Airline may fly again within 6 months. Jet had about 700 time slots before operations ground to a halt in 2019.
The revival plan for the debt-laden Jet Airways, submitted by a consortium of Kalrock Capital and UAE-based Murari Lal Jalan, has been given the go-ahead by the National Company Law Tribunal (NCLT).
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The Director General of Civil Aviation (DGCA) and the Ministry of Civil Aviation have been given 90 days to allot slots to the grounded airline.
Jet had about 700 time slots, but after its suspension in April 2019, those slots were allocated to other airlines.
A resolution process under the Insolvency and Bankruptcy Code (IBC) has been on for the last two years, but the latest development brings a ray of hope to the airline, which may resume operations within six months.
The Jet Saga: A Timeline
Jet Airways was facing increasing financial pressure due to rising operating costs. Added pressure from new competitors compounded the crisis. As a result, the company failed to meet several debt obligations.
Early in 2019, Jet had to ground a significant portion of its fleet after defaulting on lease payments. Soon after, Indian Oil Corporation (IOC) stopped supplying fuel to the beleaguered carrier over uncleared dues. Jet Airways had to soon shut down operations completely as it ran out of cash to conduct any further flights and its lenders rejected an infusion of Rs 400 crore as emergency funding.
When talks with the Hinduja Group and Etihad Airways for investing in Jet Airways fell through, the creditors of the company moved to the NCLT to formally start the insolvency process.
Grant Thornton and SBI Capital were placed as professional advisor and process advisor in the resolution procedure. The NCLT gave a 90-day timeline for the resolution process.
But as the resolution professionals highlighted the strengths and progress reports of the airlines, claims against the company came from every direction. By 2020, the total claims stood at $5.1 billion. The NCLT rejected $2.85 billion worth of claims, while $1.5 of the remaining claims came from banks and other financial institutions.
In the meantime, the company was facing cross-border insolvency in the Netherlands as well.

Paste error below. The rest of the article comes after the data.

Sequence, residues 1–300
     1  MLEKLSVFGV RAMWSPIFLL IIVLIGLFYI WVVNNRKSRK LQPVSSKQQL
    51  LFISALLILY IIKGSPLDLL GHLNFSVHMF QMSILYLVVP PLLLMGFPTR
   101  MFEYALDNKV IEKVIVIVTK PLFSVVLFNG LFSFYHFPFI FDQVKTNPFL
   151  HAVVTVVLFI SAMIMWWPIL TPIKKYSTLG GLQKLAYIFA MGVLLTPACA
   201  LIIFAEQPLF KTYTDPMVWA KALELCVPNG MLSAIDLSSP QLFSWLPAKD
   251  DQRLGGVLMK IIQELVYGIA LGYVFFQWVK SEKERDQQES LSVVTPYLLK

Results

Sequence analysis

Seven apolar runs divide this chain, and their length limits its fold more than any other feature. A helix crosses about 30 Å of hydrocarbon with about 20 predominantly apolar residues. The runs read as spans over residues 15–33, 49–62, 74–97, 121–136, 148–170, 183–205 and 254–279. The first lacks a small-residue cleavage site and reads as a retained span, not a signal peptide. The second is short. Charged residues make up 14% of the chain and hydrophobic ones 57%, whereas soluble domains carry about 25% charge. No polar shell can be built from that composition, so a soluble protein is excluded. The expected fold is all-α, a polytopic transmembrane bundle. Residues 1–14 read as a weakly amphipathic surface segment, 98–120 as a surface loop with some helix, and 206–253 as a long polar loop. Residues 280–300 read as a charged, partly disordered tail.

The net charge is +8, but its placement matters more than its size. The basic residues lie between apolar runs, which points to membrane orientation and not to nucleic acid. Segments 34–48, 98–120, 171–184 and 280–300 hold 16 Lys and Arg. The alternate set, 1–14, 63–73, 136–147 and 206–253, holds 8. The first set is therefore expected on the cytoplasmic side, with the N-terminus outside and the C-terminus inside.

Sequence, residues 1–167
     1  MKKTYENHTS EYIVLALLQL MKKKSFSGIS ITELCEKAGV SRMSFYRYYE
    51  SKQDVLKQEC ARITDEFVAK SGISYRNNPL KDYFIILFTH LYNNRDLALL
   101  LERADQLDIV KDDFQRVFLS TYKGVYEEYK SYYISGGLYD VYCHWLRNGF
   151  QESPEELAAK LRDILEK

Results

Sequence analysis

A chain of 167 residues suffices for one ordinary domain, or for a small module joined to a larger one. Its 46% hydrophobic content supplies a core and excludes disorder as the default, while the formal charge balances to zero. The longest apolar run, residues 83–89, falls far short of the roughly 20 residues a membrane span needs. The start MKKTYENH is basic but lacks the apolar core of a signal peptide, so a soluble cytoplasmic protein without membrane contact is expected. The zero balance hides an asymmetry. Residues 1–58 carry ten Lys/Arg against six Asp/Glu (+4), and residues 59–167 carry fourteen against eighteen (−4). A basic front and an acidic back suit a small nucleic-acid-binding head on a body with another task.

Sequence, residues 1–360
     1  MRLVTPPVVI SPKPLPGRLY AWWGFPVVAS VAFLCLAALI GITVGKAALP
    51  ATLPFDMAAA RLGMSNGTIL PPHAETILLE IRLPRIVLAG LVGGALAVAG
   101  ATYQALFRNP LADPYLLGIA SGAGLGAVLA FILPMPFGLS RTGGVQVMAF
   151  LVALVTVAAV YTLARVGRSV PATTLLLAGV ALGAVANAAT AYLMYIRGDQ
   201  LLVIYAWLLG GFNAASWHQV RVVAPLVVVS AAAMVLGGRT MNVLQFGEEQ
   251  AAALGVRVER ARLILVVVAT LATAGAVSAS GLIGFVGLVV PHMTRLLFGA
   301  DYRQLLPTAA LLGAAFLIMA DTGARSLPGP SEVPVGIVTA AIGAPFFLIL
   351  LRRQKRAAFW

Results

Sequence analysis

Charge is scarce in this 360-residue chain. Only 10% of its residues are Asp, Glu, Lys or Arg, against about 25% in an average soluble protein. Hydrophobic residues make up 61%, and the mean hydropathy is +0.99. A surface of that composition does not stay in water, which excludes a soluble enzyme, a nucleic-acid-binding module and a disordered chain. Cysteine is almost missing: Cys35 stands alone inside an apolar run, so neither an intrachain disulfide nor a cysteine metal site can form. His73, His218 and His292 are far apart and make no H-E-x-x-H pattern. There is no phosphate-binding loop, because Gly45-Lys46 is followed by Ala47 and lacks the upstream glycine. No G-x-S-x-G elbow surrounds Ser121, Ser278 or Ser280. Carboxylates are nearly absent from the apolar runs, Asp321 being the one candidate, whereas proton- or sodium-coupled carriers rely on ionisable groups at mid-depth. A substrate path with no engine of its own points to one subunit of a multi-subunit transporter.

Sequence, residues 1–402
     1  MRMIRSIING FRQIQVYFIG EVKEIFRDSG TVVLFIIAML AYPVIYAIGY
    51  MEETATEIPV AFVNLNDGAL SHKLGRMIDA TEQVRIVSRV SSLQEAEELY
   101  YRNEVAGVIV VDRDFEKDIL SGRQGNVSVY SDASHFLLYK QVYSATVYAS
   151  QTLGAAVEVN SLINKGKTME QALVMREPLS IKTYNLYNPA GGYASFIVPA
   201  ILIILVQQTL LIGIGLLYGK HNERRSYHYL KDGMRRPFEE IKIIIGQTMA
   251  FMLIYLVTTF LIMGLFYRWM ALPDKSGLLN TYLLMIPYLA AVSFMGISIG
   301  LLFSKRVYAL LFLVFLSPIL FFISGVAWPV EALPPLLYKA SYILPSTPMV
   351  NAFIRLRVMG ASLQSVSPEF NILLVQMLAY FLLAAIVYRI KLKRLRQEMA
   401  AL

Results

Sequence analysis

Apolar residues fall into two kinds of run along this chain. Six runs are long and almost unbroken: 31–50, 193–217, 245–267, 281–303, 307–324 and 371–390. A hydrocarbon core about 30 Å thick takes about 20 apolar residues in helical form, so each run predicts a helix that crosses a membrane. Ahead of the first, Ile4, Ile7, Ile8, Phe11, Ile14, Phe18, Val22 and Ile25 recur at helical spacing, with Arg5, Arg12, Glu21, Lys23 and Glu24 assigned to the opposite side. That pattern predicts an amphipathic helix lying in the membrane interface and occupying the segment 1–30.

In the face of mounting claims, no buyers emerged within the original timeline. An extension of 180 days was granted, during which South American conglomerate Synergy Group Corp, Russia-led Far East Development Fund, Prudent ARC, and a reinterested Hinduja Group considered bidding for the airlines.
Out of the many speculated bidders, the Committee of Creditors received just one bid, from Synergy Corp. The bid, however, was rejected since it came with the stipulation of writing off a significant portion of the debt, and converting the remaining into equity.
As the COVID-19 pandemic hit the globe, even fewer buyers came forward, with the insolvent company belonging to one of the hardest hit sectors.
In June, the NCLT granted permission to the airline to sell its Bandra Kurla Complex for $68 million. The payment was immediately utilised by the bank to settle mortgage debts to HDFC and US-based Exim Bank. The payments helped unencumber six aircraft with a total value of $200 million.
Buyers seemed more interested in the airlines than before.
UK investment fund Kalrock Capital along with Murari Lal Jalan, a UAE-based entrepreneur, emerged as leading candidates by September. Imperial Capital Investments LLC from Abu Dhabi and Flight Simulation Technique Centre (FSTC) were the second consortium to submit their bids. FSTC later submitted an improved bid, but as the bid was outside the deadline, the Kalrock-Murari Lal Jalan bid was accepted. The bid was worth $136 million, with $20.5 million paid as performance security.
The NCLT approved the Kalrock-Murari resolution bid and set the stage for Jet to resume its operations after receiving slots and rights from the Ministry of Civil Aviation. With the resolution process closed, Jet Airways became the first airline to go through the insolvency process under IBC in India.
(Edited by : Shoma Bhattacharjee)
First Published: IST